Personally, I am not uncritically pro or against Israel or Palestine. I do feel however using the “blame” game approach as well as “who shot the first missile?” approach unhelpful.The details are complex and often convoluted. And I don’t see myself an expert in this area. The only thing is a Christian and as a pastor, I first do not want to be seen uncritically pro-Israel and especially in the recent crisis in Gaza, would be seen as pro-war.  I’m definitely not anti-jew or even anti-Israel.And yet in my engagement with my Muslim friends who are showing strong feelings as the Gaza crisis prolongs, I see my role as an instrument of peace and reconciliation as much as possible, and working towards efforts to reframe the whole controversy out of political and propaganda based rhetoric. This would require a great detail of patience and discernment. I’m not saying it’s easy.

I think Brother Pro-Accuracy has laid down helpful ways to think about it in point form. I won’t add to that apart from recommending some resources for you to further your reflection.  I think they have covered most angles whether politically or theologically.


My concern with a lot of the emails sent around is the underlying need to defend Israel which I’m uncomfortable, as well as the triumphalistic tone against Islam or the temptation to demonize the other which I do not think advances the message of what Christ wanted to convey.  On the contrary, creates even more distrust.

Christians need to sit down with a Muslim in Malaysia in the light of the one sidedness of Malaysian newspapers, and also understanding the kind of sentiments they feel, and with confidence, compassion and as much clarity as possible move the conversation towards the paradigm based on “reconciliation” with dimensions of justice, and peace not being ignored.  At least that is what I believe is Jesus call for us to be peacemakers in the New Testament found in the Gospel of Matthew chapter 5 . Another passage in 2 Corinthians 5 calls us to be agents of reconciliation and do the ministry of reconciliation.

my 2 cents
Engaged Re-framer

The news of the ceasefire is provides some relief but does not mean the whole conflict is resolved.

Thanks, Bro.Pro-accuracy & Engaged Re-framer,

I’m adding some other friends on our email list since they seems to be “thinking Christians” who are in support of Israel in the current conflict.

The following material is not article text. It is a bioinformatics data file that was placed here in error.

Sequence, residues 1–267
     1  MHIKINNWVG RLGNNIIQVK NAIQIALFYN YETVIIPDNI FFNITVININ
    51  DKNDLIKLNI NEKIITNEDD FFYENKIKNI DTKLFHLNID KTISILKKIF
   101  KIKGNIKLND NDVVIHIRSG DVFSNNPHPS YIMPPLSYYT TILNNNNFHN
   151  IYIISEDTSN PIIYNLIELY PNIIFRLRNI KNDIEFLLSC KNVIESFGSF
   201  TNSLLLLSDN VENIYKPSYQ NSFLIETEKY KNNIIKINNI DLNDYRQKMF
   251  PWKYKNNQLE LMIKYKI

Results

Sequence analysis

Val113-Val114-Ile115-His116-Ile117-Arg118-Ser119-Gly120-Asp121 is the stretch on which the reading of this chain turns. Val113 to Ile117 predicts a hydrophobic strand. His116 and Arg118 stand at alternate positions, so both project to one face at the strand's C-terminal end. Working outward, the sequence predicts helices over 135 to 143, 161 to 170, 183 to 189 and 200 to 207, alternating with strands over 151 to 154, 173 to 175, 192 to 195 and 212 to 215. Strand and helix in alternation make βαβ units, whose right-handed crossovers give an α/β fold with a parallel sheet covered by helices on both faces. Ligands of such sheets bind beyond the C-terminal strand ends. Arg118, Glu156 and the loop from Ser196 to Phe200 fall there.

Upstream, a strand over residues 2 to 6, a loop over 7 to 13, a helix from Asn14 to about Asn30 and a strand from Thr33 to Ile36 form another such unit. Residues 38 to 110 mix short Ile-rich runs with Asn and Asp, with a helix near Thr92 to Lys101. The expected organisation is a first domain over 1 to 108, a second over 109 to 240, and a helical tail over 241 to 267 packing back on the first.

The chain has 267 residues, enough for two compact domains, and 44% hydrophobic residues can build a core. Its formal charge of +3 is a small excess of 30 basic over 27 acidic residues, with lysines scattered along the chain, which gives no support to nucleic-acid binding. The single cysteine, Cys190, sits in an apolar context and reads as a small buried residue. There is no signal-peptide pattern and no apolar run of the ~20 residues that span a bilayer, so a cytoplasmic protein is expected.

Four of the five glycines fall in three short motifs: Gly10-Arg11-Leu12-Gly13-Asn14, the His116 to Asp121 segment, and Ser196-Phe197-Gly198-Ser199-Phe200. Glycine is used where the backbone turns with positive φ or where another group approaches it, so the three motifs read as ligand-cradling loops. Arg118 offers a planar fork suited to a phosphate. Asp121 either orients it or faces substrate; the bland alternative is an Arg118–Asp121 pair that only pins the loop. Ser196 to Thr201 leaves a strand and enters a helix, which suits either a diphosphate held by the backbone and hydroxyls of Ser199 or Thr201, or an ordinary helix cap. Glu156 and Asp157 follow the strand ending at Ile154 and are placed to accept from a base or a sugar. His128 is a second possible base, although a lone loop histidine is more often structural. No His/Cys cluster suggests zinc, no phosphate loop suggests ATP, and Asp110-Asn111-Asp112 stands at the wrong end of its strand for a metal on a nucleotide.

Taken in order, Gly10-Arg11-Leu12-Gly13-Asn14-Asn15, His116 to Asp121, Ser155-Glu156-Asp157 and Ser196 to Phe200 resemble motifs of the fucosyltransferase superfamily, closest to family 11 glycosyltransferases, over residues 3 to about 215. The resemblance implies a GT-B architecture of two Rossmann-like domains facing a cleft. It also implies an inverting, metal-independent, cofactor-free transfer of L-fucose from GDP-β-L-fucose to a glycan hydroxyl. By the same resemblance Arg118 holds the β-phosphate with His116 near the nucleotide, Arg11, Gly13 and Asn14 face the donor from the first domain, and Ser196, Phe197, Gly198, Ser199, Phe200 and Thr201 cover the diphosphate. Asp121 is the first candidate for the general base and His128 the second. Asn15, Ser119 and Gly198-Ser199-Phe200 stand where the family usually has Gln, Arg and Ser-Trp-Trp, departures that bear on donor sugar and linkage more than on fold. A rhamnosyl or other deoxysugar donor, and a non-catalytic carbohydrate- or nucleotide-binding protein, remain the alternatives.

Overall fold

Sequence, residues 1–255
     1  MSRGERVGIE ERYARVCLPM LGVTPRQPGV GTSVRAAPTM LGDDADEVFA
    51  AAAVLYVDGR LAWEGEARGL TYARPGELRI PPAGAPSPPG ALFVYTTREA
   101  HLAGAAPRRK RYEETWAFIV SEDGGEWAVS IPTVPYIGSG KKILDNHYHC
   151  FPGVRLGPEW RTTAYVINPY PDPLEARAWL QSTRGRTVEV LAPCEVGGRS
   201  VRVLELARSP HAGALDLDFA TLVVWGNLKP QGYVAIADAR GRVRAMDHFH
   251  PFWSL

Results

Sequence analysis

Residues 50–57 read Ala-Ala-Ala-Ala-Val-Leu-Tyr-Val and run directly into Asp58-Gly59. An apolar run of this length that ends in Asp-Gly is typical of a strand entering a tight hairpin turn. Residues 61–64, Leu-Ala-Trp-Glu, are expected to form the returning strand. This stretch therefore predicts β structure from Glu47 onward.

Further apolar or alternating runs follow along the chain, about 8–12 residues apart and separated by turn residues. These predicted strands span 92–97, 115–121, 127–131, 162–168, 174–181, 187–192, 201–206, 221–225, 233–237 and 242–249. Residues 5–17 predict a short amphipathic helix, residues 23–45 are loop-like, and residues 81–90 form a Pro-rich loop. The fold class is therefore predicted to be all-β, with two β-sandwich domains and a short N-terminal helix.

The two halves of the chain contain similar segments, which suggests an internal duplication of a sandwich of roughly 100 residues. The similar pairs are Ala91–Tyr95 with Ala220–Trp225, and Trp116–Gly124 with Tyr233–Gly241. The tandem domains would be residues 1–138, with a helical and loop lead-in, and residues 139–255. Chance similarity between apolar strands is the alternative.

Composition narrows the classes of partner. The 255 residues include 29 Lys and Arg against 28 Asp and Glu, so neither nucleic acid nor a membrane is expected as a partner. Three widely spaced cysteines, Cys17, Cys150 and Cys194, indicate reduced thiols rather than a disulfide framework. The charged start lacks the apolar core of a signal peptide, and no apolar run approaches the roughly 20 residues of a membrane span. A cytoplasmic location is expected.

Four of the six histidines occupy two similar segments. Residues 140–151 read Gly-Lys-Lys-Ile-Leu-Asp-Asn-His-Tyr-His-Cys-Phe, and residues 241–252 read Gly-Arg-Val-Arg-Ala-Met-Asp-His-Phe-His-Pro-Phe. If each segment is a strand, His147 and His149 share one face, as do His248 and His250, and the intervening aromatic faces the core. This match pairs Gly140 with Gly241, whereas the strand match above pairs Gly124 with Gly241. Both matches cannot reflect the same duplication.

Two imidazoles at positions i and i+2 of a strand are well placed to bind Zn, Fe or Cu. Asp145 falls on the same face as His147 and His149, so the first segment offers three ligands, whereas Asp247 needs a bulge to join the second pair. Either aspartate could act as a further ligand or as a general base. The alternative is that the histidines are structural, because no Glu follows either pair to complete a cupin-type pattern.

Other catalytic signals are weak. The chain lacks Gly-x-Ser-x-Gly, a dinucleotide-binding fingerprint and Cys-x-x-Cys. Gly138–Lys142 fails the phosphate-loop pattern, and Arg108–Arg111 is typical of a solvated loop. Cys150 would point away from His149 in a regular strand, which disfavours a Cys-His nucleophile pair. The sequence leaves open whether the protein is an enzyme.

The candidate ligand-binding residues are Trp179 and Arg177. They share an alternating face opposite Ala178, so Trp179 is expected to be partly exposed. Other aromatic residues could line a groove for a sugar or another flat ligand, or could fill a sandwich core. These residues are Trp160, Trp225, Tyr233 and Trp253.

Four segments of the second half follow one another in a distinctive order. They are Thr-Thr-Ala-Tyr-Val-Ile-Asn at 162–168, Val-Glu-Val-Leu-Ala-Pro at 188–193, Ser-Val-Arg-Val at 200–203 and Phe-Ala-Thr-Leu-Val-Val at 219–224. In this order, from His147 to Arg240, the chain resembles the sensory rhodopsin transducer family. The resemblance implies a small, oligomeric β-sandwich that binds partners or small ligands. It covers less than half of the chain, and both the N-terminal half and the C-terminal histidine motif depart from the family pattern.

I think I was not clear enough in my original email to both of you. I actually lean towards replacement theology (the idea that the Church is now the Israel of God and the physical Israel is no longer the Chosen People of God, but are another people group that need to receive Christ to be saved.)

And, even if replacement theology is false, reading through Jeremiah, Lamentations and Ezekiel (as I have been doing the last few months) you get the clear sense that you are allowed to criticize and oppose the Israel that is truly the Chosen People of God if they are not following God properly.

So, I have no argument with that, unlike a lot of Christians who blindly support Israel. What I was trying to get a handle on is, is it true that the blame for the current crisis rests on Israel, as the Muslim and Malaysian press claim?

Or, is it true that that the Arab states actually are deliberately perpetuating the misery of the Palestinians in order to make Israel look bad? Is it true that Israel actually tries its best to avoid civilian casualties and it is Hamas that deliberately uses civilians as human shields so that they will have lots of dead babies to use as propaganda?

God bless,
Perplexed Inquirer

Thanks Bro. Pro-accuracy for your clear reply.

BTW, Perplexed Inquirer you can get the book “Whose Holy City?” by Colin Chapman locally in Malaysia. I think he gives a useful overview on the history as well as possible ways to respond as Christians.

Perplexed Inquirer wrote: